Complications of Diabetes

What happens when the challenges of managing an illness such as diabetes comes up against the challenges of managing a business, when the needs of an employee with a medical condition conflict in some measure with the needs of an employer to operate their business in a safe and cost-efficient manner? One would think that, in the early part of the 21st century, the law might lend some clarity to such issues. One would be wrong.

From the New York Times:

Diabetics in the Workplace Confront a Tangle of Laws

MINNEAPOLIS — John Steigauf spent more than a decade fiddling with the innards of those huge United Parcel Service trucks until an icy day two years ago when the company put him on leave from his mechanic’s job. A supervisor escorted him off the premises.

His work was good. He hadn’t socked the boss or embezzled money. It had to do with what was inside him: diabetes.

U.P.S. framed it as a safety issue: Mr. Steigauf’s blood sugar might suddenly plummet while he tested a truck, causing him to slam into someone.

Mr. Steigauf considered it discrimination, a taint that diabetes can carry. “I was regarded as a damaged piece of meat,� he said. “It was like, ‘You’re one of those, and we can’t have one of those.’ �

With 21 million American diabetics, disputes like this have increasingly rippled through the workplace:

¶A mortgage loan officer in Oregon was denied permission to eat at her desk to stanch her sugar fluctuations, and eventually was fired.

¶A Sears lingerie saleswoman in Illinois with nerve damage in her leg quit after being told she could not cut through a stockroom to reach her department.

¶A worker at a candy company in Wisconsin was fired after asking where he could dispose of his insulin needles.

In each instance, diabetics contend that they are being blocked by their employers from the near-normal lives their doctors say are possible. But the companies say they are struggling, too, with confusion about whether diabetes is a legitimate disability and with concern about whether it is overly expensive, hazardous and disruptive to accommodate the illness.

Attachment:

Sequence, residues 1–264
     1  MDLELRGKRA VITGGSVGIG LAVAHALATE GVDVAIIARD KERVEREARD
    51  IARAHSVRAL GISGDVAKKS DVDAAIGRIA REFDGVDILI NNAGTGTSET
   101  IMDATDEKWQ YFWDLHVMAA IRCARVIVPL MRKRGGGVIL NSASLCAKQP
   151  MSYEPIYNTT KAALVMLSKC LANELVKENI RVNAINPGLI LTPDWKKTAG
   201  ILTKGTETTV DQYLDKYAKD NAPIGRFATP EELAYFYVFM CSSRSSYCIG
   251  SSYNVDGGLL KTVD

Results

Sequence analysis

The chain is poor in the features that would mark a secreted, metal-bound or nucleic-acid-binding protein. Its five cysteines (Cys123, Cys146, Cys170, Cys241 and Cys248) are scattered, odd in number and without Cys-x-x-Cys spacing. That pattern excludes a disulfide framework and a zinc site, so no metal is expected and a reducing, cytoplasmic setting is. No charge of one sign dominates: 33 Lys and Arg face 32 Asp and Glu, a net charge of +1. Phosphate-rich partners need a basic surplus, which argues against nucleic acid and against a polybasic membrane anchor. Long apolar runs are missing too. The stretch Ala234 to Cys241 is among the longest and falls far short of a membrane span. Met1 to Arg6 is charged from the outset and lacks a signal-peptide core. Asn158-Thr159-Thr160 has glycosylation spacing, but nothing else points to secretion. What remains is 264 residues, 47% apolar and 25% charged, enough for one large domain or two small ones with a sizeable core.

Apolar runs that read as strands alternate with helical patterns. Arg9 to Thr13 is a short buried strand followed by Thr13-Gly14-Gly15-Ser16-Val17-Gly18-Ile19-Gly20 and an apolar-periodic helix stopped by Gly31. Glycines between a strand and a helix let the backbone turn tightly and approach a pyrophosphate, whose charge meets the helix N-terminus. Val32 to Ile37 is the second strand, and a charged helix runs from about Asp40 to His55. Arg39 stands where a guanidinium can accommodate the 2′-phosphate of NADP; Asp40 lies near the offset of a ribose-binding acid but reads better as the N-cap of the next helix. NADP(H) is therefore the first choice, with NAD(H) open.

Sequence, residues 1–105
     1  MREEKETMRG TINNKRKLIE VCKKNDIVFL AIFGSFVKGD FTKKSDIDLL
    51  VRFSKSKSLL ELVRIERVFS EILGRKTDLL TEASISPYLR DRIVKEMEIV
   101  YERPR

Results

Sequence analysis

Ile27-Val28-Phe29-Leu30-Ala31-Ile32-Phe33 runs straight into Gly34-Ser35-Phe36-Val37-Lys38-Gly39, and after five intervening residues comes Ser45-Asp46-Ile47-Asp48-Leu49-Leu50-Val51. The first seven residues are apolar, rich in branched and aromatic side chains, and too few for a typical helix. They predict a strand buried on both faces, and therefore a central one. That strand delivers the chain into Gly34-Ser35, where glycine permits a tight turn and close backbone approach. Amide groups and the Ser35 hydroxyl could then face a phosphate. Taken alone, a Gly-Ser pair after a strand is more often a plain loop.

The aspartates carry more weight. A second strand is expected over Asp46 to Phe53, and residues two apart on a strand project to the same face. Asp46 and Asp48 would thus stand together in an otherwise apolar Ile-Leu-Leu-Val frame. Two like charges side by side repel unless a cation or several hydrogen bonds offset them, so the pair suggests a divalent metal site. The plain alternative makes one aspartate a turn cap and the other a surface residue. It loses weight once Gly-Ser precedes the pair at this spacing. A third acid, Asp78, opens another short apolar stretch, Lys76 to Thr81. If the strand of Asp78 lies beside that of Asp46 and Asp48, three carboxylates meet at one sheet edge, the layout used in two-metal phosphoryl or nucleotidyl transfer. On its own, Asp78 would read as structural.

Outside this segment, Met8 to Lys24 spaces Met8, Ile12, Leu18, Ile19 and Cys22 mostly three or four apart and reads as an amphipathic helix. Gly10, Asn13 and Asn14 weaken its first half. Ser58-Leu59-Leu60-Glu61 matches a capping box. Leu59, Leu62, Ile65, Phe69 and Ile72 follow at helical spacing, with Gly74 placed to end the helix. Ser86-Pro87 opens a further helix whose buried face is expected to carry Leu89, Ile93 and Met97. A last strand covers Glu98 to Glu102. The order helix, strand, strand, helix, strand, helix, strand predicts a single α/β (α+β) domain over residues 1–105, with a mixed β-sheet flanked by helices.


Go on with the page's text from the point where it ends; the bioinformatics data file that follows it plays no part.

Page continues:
The debate will probably intensify. The number of diabetics in America swelled by 80 percent in the past decade. Experts say the disease is on its way to becoming a conspicuous fact of life in the nation’s labor force, raising all sorts of issues for workers and managers. [full text]

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One response

  1. diabetes, like aids, is one of those diseases made worse by imbalances in our society. i am shocked by how many people i encounter who have it, and how destructive and life-shortening a disease it is. absolutely employers should accomodate any reasonable need an employee with diabetes has. and like aids, putting a stigma on the disease ensures that people will conceal that they have it. this can get very dangerous if they are afraid to make health insurance claims, or to schedule their food and medication to keep their blood sugar steady on the job. everyone knows someone with diabetes whether they know it or not.

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